At least since Reagan, the Republican party has been as obsessively anti-FDR as Trump is anti-Obama, only not so overtly. They have tried to undo everything related to the New Deal and are still trying to destroy social security. Their FDR-envy manifested itself in renaming anything and everything that wasn’t nailed down for Ronald Reagan, including National Airport. However, some parents gave the name Roosevelt to their children for years after FDR, but if a child is named Reagan, you can count at it being the Irish nature of the name and not the President that the decision is based on.

    Gerald Ford is remembered for bringing “normalcy” back to the White House after Nixon, not for his supposed clumsiness, or the fact that he was the first President to enrich himself by charging huge fees for speaking after leaving the White House. Previously they just wrote memoirs.

    Joe Biden might certainly be remembered for bringing “normalcy” back, if he wins, but we can hope he will use the occasion to move the country forward to better days. The hard part may be the idea that “taxes” weren’t invented by Satan, and that you need to pay for the “free” society we live in. A more equitable tax structure might help people feel that paying their “share” is a “fair” thing, knowing that everybody is paying their “fair share”.

    Too many things for Biden to do, but renaming Washington National Airport is right on the list — about number 8,763, give or take.

  11. If everyone believed as Todd does, then there is no answer available to us as there is no third party. In that case nothing matters about politics anymore, the war has been lost.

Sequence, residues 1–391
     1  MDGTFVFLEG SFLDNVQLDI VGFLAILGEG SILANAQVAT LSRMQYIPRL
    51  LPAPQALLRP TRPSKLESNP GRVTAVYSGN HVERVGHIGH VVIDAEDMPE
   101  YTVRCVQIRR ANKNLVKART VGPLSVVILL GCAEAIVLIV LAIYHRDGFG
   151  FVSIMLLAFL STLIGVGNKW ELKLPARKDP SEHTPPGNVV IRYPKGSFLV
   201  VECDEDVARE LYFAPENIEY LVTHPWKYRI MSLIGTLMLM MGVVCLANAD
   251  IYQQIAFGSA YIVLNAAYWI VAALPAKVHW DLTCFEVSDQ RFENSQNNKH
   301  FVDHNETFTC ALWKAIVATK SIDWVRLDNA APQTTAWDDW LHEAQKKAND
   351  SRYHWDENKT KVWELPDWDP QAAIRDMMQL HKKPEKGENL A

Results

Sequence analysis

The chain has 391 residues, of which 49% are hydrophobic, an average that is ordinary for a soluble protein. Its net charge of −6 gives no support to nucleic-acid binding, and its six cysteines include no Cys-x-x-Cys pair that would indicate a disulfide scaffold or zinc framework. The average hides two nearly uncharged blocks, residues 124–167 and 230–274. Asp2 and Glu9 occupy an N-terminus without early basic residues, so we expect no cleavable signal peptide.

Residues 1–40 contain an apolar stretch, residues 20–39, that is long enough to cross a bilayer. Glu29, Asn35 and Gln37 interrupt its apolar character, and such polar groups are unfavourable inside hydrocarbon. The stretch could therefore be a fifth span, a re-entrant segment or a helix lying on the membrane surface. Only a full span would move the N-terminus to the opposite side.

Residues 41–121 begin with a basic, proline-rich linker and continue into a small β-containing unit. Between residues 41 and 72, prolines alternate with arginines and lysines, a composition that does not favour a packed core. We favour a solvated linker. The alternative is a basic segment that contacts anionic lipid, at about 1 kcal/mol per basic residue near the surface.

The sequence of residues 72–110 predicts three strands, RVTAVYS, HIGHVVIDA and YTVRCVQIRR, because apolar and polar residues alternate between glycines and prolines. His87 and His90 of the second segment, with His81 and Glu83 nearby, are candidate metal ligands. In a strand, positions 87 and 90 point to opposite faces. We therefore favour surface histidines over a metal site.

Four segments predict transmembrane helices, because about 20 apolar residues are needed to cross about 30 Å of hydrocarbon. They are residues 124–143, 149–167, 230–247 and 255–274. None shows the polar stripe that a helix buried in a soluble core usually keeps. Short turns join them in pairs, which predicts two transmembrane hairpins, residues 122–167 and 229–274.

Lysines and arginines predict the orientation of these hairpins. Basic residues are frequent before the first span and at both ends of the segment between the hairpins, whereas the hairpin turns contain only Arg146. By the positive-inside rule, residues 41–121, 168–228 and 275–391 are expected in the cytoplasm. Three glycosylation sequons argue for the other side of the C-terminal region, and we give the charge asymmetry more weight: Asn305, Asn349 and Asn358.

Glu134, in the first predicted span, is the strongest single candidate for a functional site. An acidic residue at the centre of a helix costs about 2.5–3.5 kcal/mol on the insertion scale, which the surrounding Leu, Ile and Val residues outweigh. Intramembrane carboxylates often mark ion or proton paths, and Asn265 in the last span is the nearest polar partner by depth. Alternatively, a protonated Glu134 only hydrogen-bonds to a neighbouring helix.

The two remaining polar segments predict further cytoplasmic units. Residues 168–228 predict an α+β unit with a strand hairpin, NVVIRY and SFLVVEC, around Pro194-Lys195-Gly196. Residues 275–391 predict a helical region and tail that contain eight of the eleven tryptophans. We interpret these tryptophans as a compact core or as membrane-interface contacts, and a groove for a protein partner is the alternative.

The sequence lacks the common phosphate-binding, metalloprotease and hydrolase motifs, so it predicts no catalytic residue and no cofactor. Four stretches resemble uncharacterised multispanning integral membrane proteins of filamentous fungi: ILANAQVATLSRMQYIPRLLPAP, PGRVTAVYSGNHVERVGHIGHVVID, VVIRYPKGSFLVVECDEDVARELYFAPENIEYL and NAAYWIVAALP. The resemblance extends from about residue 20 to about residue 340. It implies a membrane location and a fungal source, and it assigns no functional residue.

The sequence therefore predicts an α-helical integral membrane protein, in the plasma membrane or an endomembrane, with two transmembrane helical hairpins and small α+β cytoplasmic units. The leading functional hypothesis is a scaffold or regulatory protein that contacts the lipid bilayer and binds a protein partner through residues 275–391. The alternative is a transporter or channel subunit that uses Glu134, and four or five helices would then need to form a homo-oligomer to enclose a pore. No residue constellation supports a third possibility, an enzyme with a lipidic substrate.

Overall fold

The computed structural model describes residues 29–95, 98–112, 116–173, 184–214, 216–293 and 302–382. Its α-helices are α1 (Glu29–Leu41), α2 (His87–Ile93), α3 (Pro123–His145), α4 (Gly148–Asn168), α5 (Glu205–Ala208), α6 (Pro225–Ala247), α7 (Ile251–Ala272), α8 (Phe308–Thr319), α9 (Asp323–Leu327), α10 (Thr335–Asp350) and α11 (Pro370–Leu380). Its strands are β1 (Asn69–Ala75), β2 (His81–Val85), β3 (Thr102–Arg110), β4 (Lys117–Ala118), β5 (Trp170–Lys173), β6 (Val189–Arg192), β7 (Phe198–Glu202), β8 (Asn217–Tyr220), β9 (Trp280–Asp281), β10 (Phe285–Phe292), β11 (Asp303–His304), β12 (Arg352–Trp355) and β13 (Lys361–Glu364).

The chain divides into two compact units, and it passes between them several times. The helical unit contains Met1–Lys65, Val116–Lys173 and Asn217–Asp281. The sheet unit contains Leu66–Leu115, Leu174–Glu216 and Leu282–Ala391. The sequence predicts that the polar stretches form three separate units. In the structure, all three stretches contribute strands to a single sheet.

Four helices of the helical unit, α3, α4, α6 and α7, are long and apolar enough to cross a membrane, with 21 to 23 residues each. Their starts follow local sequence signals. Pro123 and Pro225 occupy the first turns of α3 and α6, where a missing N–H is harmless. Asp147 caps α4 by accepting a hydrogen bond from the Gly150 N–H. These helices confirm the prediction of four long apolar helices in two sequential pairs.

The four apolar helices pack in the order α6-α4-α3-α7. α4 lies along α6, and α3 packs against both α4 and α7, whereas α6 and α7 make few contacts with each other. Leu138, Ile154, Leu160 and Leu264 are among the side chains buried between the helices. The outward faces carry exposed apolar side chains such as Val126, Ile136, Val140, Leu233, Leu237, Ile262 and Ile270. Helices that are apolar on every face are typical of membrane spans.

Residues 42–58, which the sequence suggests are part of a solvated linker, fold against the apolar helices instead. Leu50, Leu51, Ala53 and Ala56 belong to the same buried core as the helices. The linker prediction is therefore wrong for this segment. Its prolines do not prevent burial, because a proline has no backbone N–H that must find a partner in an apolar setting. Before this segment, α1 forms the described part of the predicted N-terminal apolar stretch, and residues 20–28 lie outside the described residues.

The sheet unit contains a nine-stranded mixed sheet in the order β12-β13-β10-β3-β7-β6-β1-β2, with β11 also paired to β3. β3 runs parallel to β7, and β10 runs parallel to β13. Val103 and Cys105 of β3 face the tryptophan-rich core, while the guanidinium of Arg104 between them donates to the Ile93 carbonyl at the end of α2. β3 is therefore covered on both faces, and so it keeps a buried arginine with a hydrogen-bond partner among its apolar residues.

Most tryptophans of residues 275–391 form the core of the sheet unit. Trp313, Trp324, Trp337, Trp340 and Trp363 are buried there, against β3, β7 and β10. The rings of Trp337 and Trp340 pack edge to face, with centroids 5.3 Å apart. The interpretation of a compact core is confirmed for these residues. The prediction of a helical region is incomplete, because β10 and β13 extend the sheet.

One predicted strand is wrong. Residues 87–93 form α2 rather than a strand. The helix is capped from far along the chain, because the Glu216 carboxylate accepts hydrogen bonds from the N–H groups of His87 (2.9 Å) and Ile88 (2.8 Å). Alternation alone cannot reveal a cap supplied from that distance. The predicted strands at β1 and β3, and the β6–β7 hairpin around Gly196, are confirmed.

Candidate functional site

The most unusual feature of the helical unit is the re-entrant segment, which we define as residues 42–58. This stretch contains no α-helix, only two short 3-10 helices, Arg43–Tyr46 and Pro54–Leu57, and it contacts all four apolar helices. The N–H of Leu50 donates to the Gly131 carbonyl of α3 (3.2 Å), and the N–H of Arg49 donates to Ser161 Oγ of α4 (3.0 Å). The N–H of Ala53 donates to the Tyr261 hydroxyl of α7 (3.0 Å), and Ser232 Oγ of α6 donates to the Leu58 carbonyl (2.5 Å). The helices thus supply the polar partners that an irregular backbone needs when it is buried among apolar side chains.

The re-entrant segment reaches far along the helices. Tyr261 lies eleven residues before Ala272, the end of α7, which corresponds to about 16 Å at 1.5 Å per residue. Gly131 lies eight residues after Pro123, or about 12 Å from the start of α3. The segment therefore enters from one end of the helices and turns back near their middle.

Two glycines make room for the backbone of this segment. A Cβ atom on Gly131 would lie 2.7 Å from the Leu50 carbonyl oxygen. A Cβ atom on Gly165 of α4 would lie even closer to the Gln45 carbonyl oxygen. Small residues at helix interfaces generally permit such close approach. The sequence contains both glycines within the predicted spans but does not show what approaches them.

That’s extremism. That’s ideology. That’s the kind of blind faith that creates and maintains uber-loyal audiences for entertainment media pundits.

    Most of the electorate now has experience with the consequences of electing extremism instead of capable thoughtful collaborative politicians and the country is collapsing around us as intellectual robots tell us their way or the highway. Trump and Pence personify rigid rule based non-thinking and it simply doesn’t work. Obama showed us what must be done but was hamstrung by extremism in Congress.

    If we are to recover, empowering a single thoughtful party in government is necessary as a temporary recovery fix just like more national debt is a necessary but temporary recovery fix.

    I have faith that the GOP will learn from their mistakes and so will the electorate. To do so though requires a temporarily unemployed GOP and a very active electorate. That answer is far from perfect but also far from the chaos that now defines our government.

  12. Pete, you may want to expand your research because there are many progressive and socialist candidates winning across the country against chosen Democratic candidates. I believe there was one yesterday in a primary.

    AOC also won against a heavily-funded Wall Street candidate, and now faces a heavily-funded Wall Street opposition candidate BECAUSE the Republican and Democratic Parties are corrupt institutions.

    AOC ran as a Justice Democrat and Democratic Socialist within the Democratic Party.

    But, as you said, the two parties have done everything in their power to restrict viable third party and independent candidates. Just voting straight republican or democrat isn’t enough. Just moving from republican to democrat candidates isn’t enough. We’ve witnessed 40 years of that nonsense.

    Your excuse for Obama is just a rationalization for a pro-Wall Street administration. Obama/Biden’s policies further widened the wealth and income inequality gaps, but what should you expect from a Citibank chosen administration where all the corrupt bankers saw NO jail time and the so-called healthcare adjustments came from a conservative foundation which gave Massachusetts RomneyCare.

    All the evidence is plain to see…we didn’t get to this collapsing moment with just Republican leadership or Donald Trump. It’s been occurring for decades regardless of who occupies the statehouses or Washington.

  13. Pete: “If everyone believed as Todd does, then there is no answer available to us as there is no third party. In that case nothing matters about politics anymore, the war has been lost. ”